By: Bruce Buchanan, Sebelist Buchanan Law



In Sharma v. Neiman Marcus Group, 13 OCAHO no. 1323 (July 19, 2019), Office of Chief Administrative Hearing Officer (OCAHO) found the employee’s complaint that he was discriminated due to his citizenship status should be dismissed because it is barred by Ashutosh Sharma (also referred to as Complainant) knowingly and voluntarily signing two settlement agreements wherein he agreed to resign and release Neiman Marcus from all claims.

Sharma, a U.S. citizen, was hired by Neiman Marcus on August 1, 2017. Sharma filed a complaint, on September 10, 2018, with the Immigration and Employee Rights Section (IER) of the Civil Rights Division within the Department of Justice. On October 15, 2018, the IER dismissed the charge because Sharma did not allege unlawful conduct under 8 U.S.C. § 1324b.

On December 31, 2018, Sharma filed a complaint with OCAHO alleging Neiman Marcus retaliated against him and terminated him in violation of § 1324b. The complaint alleged Neiman Marcus utilizes a different hiring process for employees who are U.S. citizens and non-citizen employees and treats contract employees and non-citizen employees better than U.S. citizen employees. Additionally, Sharma alleged Neiman Marcus gives non-citizens two weeks’ notice before it terminates them, but Neiman Marcus only gave Sharma 86 minutes to sign a settlement agreement and general release and agree to resign. Neiman Marcus timely filed an Answer and Motion to Dismiss.

Besides his IER/OCAHO complaint, Sharma filed charges with the EEOC, NLRB, and Texas Workforce Commission’s Civil Rights Division in August and October 2018.

On October 19, 2018, Sharma and Neiman Marcus executed a Settlement Agreement and General Release (Release I), wherein Sharma agreed to resign immediately and release all claims, including under IRCA against Neiman Marcus, except claims under the ADEA, in return for settlement payment. Additionally, Sharma agreed to take all necessary steps to withdraw the Texas Workforce Commission, EEOC, and NLRB charges. A second Settlement Agreement was entered into on November 2, 2018, where in consideration for an additional settlement payment, Sharma agreed to release claims against Neiman Marcus under the ADEA. (Release II).

Neiman Marcus argues OCAHO should dismiss the complaint because Sharma signed Releases I and II, in which he released any and all claims against Neiman Marcus, including, but not limited to, claims arising under IRCA. Neiman Marcus alleges, and Sharma concurs, Sharma did not inform Neiman Marcus about the IER charge prior to signing the releases. Rather, Neiman Marcus alleges it first found out about the IER charge in February 2019, when it received the Complaint in this matter.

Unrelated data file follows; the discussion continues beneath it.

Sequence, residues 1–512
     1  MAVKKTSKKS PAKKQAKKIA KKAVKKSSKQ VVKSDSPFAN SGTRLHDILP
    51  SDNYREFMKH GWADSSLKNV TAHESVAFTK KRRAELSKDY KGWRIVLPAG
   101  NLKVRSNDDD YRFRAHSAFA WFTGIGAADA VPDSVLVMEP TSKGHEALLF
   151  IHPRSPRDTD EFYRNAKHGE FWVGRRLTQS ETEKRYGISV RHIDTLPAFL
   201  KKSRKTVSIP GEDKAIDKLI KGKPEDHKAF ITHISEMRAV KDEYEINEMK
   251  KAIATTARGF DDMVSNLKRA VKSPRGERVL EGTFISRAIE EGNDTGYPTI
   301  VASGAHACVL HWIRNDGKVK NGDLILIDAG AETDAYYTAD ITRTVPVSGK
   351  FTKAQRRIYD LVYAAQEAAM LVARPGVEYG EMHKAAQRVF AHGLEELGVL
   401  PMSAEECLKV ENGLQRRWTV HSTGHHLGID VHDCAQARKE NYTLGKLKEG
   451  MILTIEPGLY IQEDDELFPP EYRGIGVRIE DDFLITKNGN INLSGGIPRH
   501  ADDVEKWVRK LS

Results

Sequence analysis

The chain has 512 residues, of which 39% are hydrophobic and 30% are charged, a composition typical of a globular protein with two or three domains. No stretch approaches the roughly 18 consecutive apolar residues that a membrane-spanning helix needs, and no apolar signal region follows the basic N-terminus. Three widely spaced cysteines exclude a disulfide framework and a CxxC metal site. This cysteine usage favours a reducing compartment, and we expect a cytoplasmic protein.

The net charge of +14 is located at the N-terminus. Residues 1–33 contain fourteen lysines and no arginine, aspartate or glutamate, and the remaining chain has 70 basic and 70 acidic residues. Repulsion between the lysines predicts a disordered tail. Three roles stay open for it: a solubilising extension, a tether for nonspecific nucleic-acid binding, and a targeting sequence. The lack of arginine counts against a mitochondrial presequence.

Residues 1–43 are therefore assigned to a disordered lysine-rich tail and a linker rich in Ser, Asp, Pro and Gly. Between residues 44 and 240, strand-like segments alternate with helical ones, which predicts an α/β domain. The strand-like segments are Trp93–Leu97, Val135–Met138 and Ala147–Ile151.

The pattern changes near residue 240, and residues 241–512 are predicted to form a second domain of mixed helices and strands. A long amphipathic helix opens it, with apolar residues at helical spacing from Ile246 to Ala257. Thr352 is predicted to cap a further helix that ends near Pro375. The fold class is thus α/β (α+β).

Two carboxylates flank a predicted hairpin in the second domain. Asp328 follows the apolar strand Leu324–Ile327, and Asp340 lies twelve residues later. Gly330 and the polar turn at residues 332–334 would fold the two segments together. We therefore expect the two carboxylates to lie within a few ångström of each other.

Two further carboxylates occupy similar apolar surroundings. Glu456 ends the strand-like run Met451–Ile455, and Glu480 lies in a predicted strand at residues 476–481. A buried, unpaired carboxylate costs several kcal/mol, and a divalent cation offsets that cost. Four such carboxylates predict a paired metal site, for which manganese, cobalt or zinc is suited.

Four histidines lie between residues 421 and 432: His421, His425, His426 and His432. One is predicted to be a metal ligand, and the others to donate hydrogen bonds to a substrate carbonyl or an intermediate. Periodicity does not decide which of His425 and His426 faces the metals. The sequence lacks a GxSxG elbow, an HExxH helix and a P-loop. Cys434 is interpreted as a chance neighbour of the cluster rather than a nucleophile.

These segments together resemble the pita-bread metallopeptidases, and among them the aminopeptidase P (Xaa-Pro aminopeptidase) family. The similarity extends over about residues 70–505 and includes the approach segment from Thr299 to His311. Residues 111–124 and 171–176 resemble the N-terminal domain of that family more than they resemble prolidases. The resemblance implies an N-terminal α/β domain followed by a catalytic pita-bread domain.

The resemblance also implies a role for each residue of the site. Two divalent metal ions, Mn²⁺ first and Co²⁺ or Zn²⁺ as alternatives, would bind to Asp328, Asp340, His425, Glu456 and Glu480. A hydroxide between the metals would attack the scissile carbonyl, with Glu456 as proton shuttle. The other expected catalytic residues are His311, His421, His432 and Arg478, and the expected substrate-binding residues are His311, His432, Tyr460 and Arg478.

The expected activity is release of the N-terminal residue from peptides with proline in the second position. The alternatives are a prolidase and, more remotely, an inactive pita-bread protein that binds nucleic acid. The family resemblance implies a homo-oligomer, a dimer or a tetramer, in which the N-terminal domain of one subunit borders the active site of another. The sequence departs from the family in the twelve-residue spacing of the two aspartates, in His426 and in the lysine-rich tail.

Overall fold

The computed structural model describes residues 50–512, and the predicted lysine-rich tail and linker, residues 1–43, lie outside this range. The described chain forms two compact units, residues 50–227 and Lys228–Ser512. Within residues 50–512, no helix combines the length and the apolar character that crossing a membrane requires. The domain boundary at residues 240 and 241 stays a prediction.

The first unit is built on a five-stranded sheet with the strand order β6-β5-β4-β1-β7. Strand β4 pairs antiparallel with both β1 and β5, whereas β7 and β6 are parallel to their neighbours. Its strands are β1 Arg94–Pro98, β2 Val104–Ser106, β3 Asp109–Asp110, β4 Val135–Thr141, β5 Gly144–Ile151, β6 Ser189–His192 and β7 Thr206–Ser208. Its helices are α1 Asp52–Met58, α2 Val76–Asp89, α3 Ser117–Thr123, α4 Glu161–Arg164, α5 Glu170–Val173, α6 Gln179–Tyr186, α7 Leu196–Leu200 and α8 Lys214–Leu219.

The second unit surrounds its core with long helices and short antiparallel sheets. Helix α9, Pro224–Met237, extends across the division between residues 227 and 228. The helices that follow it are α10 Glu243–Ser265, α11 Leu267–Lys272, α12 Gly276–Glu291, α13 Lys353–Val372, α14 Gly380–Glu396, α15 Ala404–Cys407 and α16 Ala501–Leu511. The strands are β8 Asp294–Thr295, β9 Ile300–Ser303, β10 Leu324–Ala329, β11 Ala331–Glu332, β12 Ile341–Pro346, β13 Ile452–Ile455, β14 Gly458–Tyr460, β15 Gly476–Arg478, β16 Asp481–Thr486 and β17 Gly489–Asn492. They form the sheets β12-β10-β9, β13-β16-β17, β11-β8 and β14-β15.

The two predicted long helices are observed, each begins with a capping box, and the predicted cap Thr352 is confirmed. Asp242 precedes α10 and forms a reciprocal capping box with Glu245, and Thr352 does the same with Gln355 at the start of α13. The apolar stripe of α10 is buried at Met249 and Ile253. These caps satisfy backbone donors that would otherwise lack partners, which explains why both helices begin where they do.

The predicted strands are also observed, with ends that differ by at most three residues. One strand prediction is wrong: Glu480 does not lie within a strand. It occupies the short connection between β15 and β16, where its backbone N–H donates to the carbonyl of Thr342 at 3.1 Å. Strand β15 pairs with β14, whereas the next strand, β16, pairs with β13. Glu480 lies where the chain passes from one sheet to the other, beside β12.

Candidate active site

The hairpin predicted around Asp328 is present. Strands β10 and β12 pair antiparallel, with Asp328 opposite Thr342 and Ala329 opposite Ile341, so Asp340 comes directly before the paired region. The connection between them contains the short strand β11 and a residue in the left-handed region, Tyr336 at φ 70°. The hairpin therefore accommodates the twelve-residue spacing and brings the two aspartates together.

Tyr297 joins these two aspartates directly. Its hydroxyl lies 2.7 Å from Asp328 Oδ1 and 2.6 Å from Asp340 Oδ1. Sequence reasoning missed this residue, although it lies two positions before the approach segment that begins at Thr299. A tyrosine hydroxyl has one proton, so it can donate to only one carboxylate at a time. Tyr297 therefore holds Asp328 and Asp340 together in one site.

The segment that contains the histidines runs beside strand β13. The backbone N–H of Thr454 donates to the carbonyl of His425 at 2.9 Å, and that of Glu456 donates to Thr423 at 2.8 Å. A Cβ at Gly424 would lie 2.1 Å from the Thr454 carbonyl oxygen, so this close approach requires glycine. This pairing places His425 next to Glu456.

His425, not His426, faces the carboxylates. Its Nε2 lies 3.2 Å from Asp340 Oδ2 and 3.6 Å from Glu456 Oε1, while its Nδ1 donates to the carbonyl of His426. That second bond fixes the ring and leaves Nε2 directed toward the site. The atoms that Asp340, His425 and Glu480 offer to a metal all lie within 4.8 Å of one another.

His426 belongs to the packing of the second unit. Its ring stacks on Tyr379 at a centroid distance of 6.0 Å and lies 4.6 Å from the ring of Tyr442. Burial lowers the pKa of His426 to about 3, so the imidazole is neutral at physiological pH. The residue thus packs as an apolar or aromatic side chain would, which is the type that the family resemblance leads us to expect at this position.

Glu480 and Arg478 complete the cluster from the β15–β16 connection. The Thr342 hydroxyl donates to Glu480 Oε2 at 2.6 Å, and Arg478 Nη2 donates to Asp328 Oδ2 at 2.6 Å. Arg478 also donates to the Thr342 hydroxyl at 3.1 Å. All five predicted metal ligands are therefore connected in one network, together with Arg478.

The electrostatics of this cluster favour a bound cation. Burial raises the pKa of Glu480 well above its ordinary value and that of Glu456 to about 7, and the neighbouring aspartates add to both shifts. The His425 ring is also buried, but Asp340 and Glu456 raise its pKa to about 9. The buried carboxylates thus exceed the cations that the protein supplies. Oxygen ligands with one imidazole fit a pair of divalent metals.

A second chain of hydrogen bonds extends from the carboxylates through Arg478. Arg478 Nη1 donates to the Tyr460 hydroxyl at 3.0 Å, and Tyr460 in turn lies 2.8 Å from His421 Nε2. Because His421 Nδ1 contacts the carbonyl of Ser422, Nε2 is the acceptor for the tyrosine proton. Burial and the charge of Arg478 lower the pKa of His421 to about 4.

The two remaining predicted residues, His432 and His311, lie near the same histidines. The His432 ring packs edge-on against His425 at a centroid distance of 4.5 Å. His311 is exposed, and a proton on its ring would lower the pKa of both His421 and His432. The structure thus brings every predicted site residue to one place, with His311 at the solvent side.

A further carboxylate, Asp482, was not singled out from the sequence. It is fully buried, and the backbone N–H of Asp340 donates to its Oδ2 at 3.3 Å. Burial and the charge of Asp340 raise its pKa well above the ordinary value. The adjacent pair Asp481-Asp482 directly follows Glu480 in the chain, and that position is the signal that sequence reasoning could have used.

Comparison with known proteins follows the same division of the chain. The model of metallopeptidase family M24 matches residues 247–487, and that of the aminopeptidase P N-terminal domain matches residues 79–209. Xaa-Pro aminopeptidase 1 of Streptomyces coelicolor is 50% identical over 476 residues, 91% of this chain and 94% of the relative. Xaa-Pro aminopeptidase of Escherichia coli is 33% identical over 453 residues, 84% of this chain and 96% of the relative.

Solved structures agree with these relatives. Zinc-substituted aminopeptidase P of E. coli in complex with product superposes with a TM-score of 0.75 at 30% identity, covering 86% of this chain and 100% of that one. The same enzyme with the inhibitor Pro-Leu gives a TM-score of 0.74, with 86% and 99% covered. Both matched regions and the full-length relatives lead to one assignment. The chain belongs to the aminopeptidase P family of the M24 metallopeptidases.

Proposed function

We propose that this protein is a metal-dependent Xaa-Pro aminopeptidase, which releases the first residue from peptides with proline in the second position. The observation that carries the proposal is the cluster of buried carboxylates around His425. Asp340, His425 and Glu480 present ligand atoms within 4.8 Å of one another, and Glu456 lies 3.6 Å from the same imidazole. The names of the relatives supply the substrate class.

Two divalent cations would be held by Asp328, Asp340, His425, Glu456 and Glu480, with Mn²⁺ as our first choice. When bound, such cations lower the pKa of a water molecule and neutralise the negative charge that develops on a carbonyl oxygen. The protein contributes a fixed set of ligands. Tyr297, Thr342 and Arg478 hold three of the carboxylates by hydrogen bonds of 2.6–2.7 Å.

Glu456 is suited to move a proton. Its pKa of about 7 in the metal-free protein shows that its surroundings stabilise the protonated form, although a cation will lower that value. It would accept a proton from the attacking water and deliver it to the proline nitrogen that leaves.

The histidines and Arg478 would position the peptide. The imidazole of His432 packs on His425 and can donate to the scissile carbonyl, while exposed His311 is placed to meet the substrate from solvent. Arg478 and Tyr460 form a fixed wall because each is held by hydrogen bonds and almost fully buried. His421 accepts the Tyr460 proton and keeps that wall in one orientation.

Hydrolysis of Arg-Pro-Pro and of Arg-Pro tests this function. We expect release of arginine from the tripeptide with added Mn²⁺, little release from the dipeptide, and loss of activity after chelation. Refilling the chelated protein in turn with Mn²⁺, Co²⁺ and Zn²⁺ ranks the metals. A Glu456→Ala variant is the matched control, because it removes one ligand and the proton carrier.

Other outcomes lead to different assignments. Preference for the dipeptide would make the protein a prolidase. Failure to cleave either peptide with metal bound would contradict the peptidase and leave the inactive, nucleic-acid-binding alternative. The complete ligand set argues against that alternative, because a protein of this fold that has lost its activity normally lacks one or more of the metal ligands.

In response, Sharma asserts a paragraph in the executed settlement agreements which stated “Nothing in this Agreement prohibits or prevents Sharma from filing a charge with or participating,
testifying, or assisting in any investigation, hearing, or other proceeding before any federal, state, or local government agency. However, to the maximum extent permitted by law, Sharma agrees that if such an administrative claim is made, Sharma shall not be entitled to recover any individual monetary relief or other individual remedies.” Sharma asserts he is not attempting to collect further damages and he has brought the charge with the sole intention of highlighting the alleged various violations concerning working conditions.

OCAHO held Sharma knowingly and voluntarily entered into the releases. In so doing, OCAHO pointed out Sharma had an attorney who properly advised him of the pros and cons of signing the settlement agreements/releases. Furthermore, the releases stated, “The parties knowingly and voluntarily sign this Agreement.” In exchange for Sharma’s resignation and release of claims, Neiman Marcus agreed to pay significant consideration, which both parties admit occurred.

Both settlement agreements/releases contain very similar release provisions that specifically list IRCA. OCAHO found this specific and unambiguous language barred the Complaint because the language in the general release provisions was specific: Sharma waived all claims he may have had as of October 19, 2018 (Release I) and November 2, 2018 (Release II) against Neiman Marcus under IRCA. Contrary to Complainant’s argument, the release is not limited to claims under IRCA wherein Sharma seeks damages and other personal remedies; rather, the release covers all claims under IRCA that he might have had as late as November 2, 2019.

Second, the intent of the settlement agreement is likewise clear. The parties entered the settlement agreements after Sharma filed a charge against Neiman Marcus with the EEOC, the Texas Workforce Commission, and the NLRB. The terms of both agreements required Sharma to withdraw the charges he filed with the EEOC, the Texas Workforce Commission, and the NLRB. Further, Sharma affirmed in both agreements that he had not filed nor was presently a party to any claim against Neiman Marcus. Clearly the intent was to foreclose litigation based on events that occurred while Sharma was employed by Neiman Marcus.

It will be interesting to see if OCAHO will become more active in decision-making given that this decision was written by the new Chief Administrative Law Judge for OCAHO.

If you want to know more information on issues related to citizen status discrimination and employer immigration compliance, I recommend you read The I-9 and E-Verify Handbook, a book I co-authored with Greg Siskind, and available at http://www.amazon.com/dp/0997083379